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A. N. Crane (Agnes Scott College), E. F. Albin (Fernbank Science Center)
Schiaparelli basin is an ancient 470-km impact structure found in the eastern Terra Meridiani region of Mars. Observed along the interior margins of this basin are sequences of layered deposits that occur within material mapped as smooth plains. In places, over a dozen distinct layers are identified on high resolution Global Surveyor MOC images, with individual layer thicknesses ranging between 10 - 25 m as determined from MOLA data. Although these sediments may have been emplaced as an air fall deposit (i.e., volcanic ash or aeolian dust) [e.g., 1], evidence suggest that such layers may have been deposited in an aqueous environment - one characterized by alternating periods of deposition and non-deposition . Since Schiaparelli is a closed basin, it could have served as a lake reservoir during early Martian history when environmental conditions were suitable for supporting seas of water . If this were the case, then layered sediments may have formed insitu. Such a lacustrine setting could have produced the observed layering by way of the deposition of limestone. Although carbonate material may have been deposited through a purely chemical process, its presence is intriguing for its paleobiological implications since, as on Earth, the accretion of shells and other hard parts of marine organisms produce some forms of this rock. Ongoing research includes the analyses of Odyssey THEMIS data, in conjunction with morphologic evidence, in an attempt to detect the presence of carbonate deposits within the Schiaparelli basin.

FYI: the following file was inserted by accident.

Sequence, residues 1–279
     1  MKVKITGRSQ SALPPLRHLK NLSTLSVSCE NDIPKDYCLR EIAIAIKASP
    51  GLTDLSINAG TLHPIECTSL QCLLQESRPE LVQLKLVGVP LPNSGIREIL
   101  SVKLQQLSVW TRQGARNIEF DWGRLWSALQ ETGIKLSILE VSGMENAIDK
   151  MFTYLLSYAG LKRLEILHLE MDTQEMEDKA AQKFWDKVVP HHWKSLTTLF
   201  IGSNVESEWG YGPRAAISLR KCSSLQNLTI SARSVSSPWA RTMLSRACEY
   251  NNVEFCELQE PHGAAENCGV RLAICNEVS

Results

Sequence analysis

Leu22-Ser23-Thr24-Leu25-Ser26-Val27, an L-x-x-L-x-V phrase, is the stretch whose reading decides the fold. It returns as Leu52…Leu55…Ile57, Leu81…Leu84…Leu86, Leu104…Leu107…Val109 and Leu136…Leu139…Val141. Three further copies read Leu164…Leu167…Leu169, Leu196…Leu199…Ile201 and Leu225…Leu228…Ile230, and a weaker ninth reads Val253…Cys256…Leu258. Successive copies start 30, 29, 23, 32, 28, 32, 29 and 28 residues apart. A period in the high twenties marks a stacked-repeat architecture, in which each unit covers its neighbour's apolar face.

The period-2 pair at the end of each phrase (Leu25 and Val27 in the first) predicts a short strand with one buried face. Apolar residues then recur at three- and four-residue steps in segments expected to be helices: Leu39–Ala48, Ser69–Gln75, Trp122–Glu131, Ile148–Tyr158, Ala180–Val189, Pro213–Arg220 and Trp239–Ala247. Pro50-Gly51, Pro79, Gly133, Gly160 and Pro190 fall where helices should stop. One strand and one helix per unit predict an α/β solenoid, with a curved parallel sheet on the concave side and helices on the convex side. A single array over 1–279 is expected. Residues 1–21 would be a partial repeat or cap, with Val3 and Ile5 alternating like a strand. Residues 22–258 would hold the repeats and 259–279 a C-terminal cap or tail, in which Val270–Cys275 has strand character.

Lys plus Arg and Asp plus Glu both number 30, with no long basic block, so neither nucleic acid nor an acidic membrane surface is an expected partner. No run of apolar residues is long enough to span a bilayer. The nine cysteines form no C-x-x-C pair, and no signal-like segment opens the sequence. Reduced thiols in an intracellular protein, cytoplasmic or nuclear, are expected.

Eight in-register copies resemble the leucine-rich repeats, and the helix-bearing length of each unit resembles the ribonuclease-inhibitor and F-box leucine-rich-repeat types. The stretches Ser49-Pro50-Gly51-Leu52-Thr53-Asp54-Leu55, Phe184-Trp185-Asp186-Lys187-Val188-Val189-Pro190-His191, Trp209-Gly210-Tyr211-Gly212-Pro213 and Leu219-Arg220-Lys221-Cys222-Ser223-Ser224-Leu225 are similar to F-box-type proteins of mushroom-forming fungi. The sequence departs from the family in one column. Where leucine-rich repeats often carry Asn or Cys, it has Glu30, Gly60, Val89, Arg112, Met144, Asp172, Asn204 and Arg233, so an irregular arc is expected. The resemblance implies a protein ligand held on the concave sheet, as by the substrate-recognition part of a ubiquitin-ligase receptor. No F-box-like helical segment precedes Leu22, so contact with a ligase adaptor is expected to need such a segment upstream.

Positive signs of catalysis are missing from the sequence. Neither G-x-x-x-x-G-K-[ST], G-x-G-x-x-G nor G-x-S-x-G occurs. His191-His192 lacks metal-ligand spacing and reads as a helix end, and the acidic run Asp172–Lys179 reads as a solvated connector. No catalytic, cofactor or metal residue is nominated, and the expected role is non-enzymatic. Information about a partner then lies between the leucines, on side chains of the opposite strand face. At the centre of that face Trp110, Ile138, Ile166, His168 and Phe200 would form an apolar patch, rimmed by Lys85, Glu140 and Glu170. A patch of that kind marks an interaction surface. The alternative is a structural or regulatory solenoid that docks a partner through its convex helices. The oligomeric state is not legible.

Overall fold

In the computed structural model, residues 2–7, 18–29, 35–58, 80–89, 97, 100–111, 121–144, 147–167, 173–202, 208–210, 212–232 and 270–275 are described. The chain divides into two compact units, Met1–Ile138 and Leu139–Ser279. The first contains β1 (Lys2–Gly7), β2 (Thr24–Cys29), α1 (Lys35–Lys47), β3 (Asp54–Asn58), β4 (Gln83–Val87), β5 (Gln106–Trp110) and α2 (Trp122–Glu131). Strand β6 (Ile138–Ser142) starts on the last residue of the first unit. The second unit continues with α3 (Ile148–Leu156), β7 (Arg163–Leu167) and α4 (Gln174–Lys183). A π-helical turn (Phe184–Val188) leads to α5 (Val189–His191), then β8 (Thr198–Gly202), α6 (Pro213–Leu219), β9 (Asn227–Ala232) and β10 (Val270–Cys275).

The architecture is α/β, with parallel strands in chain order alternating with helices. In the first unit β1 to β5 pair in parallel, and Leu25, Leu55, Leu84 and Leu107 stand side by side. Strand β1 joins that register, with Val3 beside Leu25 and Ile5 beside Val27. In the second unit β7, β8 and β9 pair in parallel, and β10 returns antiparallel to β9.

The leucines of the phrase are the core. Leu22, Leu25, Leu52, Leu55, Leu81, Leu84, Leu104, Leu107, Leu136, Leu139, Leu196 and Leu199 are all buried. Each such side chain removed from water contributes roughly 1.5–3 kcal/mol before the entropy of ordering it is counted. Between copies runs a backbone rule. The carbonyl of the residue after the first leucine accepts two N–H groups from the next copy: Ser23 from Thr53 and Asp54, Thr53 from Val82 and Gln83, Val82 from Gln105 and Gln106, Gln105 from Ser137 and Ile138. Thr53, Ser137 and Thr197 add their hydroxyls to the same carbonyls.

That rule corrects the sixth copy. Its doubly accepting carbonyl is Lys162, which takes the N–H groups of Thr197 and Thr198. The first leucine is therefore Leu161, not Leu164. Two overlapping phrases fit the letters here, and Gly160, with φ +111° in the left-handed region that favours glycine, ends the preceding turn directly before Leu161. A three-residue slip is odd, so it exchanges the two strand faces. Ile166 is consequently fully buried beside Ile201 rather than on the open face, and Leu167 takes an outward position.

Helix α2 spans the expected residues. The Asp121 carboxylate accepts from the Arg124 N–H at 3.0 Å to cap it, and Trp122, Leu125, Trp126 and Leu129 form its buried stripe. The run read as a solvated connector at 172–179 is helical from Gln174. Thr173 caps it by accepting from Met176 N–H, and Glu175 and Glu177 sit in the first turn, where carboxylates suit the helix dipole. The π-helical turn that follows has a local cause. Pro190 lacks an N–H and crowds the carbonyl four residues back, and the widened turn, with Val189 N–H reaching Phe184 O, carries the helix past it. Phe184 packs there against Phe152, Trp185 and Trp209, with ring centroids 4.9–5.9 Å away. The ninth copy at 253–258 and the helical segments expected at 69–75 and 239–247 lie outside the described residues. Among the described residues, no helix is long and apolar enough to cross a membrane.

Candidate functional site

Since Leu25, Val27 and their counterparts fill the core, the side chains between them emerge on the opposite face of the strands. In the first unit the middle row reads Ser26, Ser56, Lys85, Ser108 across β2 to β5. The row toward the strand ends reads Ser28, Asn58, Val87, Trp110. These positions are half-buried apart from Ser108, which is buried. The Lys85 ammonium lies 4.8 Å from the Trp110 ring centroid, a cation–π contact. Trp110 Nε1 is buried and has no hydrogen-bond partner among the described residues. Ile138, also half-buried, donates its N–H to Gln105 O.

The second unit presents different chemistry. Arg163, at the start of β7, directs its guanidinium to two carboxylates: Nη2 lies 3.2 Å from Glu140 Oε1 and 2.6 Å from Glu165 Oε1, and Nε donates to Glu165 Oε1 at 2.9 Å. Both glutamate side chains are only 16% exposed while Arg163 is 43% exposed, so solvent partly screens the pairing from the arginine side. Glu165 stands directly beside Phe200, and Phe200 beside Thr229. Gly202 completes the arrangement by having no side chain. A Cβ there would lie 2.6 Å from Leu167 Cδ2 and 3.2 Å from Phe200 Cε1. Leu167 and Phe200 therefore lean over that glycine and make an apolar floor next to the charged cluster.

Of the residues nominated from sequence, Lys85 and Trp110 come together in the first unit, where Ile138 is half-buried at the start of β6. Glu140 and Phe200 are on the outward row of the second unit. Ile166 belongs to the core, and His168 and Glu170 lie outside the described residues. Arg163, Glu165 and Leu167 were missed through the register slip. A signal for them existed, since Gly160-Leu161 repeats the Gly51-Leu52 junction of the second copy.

References:  B. A. Hynek et al. (2002), LPSC, 33, 1408.  M. C. Malin and K. S. Edgett (2000), Science, 290, 1927-1936.  N. A. Cabrol and E. A. Grin (2001) Icarus, 149, 291-328.
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Bulletin of the American Astronomical Society, 34, #3< br> © 2002. The American Astronomical Soceity.